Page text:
Those seeking advanced tech careers may consider pursuing traditional college degrees. College programs range from about 2-4 years and culminate in a degree. In comparison, a bootcamp lasts months and does not provide the same qualification as a degree.
However, professionals seeking to supplement their experience or education may benefit from a bootcamp's emphasis on practical skills. Those who already hold computer science degrees may also expand their industry knowledge by completing a bootcamp.
Prospective students who have not earned degrees may consider attending college instead of a bootcamp. Most educational institutions do not offer college credit for bootcamp courses.
How to Assess Your Bootcamp Options
Without bootcamp accreditation to guide enrollees, how can prospective students assess their educational options? Consider the following options:
- Research student outcomes.
CIRR provides a standardized system for measuring student outcomes at coding bootcamps. Prospective students can use CIRR's information to assess salary data for recent bootcamp grads, along with how many bootcamp graduates secured jobs within six months of graduation in the field.
- Ask bootcamp alumni.
Learners can find alumni from their prospective bootcamps through LinkedIn and other professional networking sites. These alumni may provide a first-hand perspective on their experience and advice on making the best decision for your needs.
- Reach out to industry professionals.
Aspiring students should also talk to current coders and other tech professionals or recruiters. Questions to ask include: Does this bootcamp have a good reputation? Will this bootcamp enhance my resume?
- Investigate the bootcamp's career services offerings.
Before enrolling in any coding bootcamps, prospective students should find out if the program offers career counseling, interview preparation assistance, help with compiling a professional portfolio, or other job placement assistance.
Bootcamp Accreditation Questions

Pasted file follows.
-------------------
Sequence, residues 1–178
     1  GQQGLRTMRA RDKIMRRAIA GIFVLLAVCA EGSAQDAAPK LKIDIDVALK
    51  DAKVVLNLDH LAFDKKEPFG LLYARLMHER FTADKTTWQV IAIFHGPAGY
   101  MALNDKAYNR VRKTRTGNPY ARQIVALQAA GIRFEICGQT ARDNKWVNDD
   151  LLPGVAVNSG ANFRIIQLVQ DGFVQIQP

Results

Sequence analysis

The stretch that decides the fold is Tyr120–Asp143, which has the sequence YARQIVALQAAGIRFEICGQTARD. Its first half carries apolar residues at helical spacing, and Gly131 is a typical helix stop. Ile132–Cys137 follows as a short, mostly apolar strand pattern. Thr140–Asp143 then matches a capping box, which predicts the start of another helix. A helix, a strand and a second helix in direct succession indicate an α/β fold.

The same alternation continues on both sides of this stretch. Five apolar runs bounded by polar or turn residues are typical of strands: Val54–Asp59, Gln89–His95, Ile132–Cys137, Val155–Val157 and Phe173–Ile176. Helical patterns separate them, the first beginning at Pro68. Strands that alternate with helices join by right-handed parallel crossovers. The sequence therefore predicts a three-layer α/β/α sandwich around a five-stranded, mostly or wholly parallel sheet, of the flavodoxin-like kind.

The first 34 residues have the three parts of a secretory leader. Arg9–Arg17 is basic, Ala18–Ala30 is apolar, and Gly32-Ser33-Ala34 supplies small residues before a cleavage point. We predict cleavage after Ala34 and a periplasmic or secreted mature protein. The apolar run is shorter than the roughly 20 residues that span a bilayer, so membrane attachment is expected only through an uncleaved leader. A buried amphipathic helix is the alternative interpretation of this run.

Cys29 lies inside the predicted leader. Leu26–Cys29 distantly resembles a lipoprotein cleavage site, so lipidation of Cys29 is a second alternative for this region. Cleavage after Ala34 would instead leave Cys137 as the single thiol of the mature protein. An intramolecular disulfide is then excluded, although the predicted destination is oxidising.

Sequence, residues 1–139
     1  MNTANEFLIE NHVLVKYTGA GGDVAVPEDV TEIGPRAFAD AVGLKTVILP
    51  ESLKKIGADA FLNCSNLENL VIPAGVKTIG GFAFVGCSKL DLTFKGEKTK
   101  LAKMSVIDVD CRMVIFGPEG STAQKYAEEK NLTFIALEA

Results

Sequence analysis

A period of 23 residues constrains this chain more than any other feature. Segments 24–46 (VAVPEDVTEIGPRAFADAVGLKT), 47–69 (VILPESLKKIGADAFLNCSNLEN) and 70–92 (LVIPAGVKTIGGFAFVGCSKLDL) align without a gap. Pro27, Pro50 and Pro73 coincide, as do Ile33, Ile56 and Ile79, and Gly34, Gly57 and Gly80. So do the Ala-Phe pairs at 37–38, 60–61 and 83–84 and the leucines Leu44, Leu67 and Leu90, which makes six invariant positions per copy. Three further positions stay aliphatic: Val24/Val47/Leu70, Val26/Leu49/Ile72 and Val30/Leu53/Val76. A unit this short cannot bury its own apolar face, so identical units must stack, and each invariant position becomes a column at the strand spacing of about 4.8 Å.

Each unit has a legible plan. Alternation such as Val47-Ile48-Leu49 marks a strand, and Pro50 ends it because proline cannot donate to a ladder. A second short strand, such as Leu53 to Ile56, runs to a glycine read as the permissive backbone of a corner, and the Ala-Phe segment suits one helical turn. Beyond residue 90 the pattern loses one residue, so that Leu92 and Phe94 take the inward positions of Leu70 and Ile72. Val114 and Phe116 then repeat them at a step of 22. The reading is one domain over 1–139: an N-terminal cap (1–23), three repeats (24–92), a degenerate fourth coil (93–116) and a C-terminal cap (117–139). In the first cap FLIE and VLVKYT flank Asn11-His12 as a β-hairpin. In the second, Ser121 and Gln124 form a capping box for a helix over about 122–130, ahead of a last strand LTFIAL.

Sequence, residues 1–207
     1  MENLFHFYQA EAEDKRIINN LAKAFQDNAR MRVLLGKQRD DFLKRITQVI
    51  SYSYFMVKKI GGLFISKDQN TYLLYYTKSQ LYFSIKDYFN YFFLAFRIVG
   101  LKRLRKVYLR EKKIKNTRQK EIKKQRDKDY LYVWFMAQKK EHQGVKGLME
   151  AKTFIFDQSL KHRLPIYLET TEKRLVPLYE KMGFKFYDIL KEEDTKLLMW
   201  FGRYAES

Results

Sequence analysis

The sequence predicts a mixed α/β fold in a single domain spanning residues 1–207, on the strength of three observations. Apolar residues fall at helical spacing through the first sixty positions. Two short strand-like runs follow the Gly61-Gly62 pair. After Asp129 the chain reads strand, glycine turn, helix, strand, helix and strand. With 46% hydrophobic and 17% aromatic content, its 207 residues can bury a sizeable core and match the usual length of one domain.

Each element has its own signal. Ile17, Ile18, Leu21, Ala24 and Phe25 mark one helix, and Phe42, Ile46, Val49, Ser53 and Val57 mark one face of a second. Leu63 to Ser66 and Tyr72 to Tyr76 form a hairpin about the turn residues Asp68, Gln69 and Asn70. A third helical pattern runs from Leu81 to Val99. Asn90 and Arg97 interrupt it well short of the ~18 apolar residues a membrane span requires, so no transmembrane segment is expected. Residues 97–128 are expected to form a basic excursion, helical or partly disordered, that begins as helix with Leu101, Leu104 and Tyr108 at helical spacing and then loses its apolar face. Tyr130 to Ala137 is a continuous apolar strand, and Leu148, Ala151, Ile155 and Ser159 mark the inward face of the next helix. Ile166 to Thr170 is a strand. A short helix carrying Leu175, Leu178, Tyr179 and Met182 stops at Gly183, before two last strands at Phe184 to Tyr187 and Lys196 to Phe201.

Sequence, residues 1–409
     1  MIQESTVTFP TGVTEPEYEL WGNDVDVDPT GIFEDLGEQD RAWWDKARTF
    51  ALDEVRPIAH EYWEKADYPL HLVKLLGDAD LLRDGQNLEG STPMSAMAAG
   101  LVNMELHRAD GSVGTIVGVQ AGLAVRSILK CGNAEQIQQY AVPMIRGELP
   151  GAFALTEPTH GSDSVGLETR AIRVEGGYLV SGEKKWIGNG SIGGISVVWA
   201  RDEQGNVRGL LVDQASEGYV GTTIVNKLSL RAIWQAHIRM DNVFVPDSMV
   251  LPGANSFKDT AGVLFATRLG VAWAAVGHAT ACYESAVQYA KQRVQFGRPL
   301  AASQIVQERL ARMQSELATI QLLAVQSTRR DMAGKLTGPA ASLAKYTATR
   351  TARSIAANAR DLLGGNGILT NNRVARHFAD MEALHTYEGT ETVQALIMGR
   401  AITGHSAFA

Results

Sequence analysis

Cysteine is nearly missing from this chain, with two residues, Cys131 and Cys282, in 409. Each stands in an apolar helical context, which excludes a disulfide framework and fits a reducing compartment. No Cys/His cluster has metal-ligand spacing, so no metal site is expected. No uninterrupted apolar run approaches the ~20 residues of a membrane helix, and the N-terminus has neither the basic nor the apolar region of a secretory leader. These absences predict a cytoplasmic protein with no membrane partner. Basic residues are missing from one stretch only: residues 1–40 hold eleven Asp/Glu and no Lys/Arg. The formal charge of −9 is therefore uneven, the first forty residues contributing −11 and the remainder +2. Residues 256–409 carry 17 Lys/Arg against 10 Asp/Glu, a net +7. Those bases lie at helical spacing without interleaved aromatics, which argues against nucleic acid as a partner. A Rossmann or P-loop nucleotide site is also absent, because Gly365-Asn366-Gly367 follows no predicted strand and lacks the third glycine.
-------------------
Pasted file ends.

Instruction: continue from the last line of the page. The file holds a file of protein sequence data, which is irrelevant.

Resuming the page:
Can bootcamps be accredited?
Until now, coding bootcamps have not typically qualified for accreditation. Recently, ACCET accredited the Turing School of Software and Design and the NYC Data Science Academy. This opens the door for more bootcamps to gain accreditation.
Are bootcamps worth it?
Bootcamps offer career-focused training over a short period of time, typically weeks or months. They tend to offer excellent career services and job placement resources. Bootcamps appeal to career switchers or current tech professionals seeking new skills.
Is a coding bootcamp considered an educational institution?
Bootcamps are considered tech training or continuing education programs. When students complete a coding bootcamp, they generally cannot transfer their courses to a college or university program. While some bootcamps partner directly with universities, bootcamp programs typically do not translate to college credit.
Are bootcamps better than colleges and universities?
Each learner must decide the right path to the career they want. Bootcamps can offer strong, employable skills over a short period of time. They might be a great option for newcomers to the field, career switchers who already hold a degree, or tech professionals seeking new skills.
Born and raised in upstate New York, Brian Nichols began his IT education through a vocational high school where he focused on computer science, IT fundamentals, and networking. Brian then went to his local community college, where he earned his associate of science in computer information science. He then earned his bachelor of science in applied networking and system administration from a private college. Brian now lives in Kansas City, where he works full time as a DevOps engineer. Brian is also a part-time instructor in cybersecurity. He's passionate about cybersecurity and helping students succeed. Brian Nichols is a paid member of the Red Ventures Education freelance review network.